Cubans voted on Sunday in the first round of balloting that ultimately could indicate whether Fidel Castro will formally remain communist Cuba's leader, or perhaps opt for a permanent power handover.
Some 38,000 voting precincts opened with more than 8.3 million Cubans over the age of 16 eligible to vote for some 15,000 council seats in the Americas' only one-party communist state.
The election process is to culminate by early next year with a new national assembly and selection of 31 members of Cuba's Council of State.
But Castro, 81, continues to be sidelined from power since he underwent gastrointestinal surgery in last July.
Raul Castro, 76, is serving as interim president of Cuba, while his elder brother recovers.
The elections are expected to clarify eventually whether the status quo of the interim government led by Raul Castro will be left in place permanently, or if Fidel formally will stay at the council's helm, leading this island of slightly more than 11 million people.
Many Cubans expect that Fidel Castro will be sidelined definitively, while continuing to write his editorials, and that Raul Castro eventually will wade into some cautious economic reforms.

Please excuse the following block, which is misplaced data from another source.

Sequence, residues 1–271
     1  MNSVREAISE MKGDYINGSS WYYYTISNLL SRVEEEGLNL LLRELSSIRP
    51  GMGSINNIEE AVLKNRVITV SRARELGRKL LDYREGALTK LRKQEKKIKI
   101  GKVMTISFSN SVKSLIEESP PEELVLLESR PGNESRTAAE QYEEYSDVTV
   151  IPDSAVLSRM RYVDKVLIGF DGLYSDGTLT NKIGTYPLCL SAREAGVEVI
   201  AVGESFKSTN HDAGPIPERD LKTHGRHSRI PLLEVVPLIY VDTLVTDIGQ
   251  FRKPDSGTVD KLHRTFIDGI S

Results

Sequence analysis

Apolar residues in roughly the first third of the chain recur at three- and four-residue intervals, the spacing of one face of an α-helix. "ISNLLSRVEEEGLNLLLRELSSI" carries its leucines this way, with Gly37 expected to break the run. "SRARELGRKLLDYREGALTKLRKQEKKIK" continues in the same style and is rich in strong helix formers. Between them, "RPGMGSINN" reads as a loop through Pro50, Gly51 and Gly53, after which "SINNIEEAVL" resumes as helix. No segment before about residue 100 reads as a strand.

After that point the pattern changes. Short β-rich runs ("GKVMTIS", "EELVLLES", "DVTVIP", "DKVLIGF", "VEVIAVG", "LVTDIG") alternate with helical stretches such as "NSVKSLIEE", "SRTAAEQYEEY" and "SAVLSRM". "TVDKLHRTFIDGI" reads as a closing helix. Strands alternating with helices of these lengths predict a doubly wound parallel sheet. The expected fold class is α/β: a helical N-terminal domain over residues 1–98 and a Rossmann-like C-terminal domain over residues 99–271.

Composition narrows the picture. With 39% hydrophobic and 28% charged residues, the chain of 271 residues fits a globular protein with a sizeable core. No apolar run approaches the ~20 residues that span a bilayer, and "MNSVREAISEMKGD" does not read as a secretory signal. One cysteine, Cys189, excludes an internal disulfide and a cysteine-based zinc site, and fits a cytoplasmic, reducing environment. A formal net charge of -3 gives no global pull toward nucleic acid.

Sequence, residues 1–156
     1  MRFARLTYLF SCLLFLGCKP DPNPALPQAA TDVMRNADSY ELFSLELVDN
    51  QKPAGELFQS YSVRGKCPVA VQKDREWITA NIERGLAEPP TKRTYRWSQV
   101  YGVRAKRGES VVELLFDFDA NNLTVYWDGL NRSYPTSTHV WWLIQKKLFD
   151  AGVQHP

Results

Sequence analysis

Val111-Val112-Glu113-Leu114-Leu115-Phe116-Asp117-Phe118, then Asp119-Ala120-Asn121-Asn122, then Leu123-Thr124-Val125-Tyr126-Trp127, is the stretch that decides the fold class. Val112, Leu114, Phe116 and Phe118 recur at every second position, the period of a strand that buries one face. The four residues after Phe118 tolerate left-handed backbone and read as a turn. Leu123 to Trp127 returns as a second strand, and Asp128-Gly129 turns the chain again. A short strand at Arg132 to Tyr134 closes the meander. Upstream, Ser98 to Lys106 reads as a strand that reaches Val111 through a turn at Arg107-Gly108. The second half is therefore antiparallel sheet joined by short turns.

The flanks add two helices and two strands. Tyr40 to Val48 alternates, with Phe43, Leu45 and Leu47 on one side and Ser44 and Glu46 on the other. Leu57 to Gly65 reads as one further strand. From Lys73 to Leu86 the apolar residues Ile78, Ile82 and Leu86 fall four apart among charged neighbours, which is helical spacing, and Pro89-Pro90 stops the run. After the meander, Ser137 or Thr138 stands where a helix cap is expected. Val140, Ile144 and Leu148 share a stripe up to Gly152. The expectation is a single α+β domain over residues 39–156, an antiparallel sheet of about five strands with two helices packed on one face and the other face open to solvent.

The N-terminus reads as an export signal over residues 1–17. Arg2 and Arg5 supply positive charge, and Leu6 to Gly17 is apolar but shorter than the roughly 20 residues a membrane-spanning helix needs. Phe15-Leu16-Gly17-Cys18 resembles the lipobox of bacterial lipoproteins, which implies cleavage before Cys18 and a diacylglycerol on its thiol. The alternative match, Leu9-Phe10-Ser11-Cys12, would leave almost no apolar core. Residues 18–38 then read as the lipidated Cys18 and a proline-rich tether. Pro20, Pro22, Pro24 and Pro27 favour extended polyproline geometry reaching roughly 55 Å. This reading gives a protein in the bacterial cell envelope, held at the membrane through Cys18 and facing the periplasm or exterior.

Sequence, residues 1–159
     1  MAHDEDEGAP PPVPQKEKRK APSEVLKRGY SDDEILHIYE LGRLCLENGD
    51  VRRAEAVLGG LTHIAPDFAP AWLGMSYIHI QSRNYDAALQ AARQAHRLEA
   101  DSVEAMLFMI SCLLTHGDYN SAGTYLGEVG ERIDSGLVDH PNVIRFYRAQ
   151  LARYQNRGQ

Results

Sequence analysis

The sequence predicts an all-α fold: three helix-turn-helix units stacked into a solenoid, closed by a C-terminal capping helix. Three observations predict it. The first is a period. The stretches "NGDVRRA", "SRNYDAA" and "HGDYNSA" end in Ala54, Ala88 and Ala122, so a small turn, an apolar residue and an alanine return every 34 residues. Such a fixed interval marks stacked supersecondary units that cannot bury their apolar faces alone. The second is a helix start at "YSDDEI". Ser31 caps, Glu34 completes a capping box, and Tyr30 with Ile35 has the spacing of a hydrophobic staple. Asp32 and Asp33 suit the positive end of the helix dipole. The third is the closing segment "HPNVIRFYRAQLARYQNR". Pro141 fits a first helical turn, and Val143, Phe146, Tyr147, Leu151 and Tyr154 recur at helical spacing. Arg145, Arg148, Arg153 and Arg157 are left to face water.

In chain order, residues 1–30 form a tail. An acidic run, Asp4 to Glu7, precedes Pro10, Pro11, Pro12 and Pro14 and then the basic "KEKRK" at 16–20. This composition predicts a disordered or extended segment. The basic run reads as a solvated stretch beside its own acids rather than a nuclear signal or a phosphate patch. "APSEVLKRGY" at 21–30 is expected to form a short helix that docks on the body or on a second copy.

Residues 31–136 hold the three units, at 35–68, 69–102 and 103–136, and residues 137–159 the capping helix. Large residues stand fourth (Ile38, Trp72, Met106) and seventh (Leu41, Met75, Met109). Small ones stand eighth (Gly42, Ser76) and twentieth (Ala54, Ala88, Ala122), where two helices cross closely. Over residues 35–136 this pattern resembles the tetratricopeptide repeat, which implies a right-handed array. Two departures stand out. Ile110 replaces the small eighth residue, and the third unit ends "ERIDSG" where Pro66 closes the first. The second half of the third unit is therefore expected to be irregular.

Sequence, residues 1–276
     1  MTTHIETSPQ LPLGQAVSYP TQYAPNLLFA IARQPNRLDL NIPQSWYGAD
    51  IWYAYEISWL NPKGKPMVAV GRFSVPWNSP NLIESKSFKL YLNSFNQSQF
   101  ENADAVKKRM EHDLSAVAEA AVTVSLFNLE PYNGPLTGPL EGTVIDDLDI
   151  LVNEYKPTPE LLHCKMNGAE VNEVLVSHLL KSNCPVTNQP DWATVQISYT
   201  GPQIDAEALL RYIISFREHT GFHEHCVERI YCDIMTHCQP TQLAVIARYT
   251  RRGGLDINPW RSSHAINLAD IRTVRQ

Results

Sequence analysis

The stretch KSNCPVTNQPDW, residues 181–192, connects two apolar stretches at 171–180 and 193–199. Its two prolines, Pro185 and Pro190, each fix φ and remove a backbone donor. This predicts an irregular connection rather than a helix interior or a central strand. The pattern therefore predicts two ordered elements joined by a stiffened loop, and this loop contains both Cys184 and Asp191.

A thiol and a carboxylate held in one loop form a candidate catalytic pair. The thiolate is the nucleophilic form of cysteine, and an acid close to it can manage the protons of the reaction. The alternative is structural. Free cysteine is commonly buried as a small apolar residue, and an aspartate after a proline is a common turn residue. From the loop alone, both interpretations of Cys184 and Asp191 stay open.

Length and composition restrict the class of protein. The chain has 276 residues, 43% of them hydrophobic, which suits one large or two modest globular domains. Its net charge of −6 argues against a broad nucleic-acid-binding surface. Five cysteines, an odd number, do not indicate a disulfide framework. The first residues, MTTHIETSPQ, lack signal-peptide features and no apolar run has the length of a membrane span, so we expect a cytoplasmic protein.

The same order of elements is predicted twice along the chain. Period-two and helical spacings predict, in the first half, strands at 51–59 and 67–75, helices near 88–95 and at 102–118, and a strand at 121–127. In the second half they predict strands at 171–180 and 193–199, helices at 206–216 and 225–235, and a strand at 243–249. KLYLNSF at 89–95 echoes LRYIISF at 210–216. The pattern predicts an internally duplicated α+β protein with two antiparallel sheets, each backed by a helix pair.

On the eve of balloting on Saturday, Castro hailed the country's electoral process as superior to that of its northern neighbor the US, which also is in the throes of a protracted election campaign.
"Our elections are the antithesis of those held in United States ... There, first you have to be very rich, or have an enormous amount of money behind you," said Castro in an editorial in the official daily Granma.
In the US "to be elected president, you need hundreds of millions [of dollars], which come straight out of the coffers of the big monopolies.
"A candidate can win who actually got a minority of the popular vote," Castro marveled, in a jab at US President George W. Bush.
"There is fraud, trickery, ethnic discrimination and even violence," Castro said of the US electoral system, in his latest missive in Granma, the Cuban Communist Party newspaper.
Although Cuba considers its elections democratic, the US and many western nations see the Cuban electoral process as bereft of real choice.
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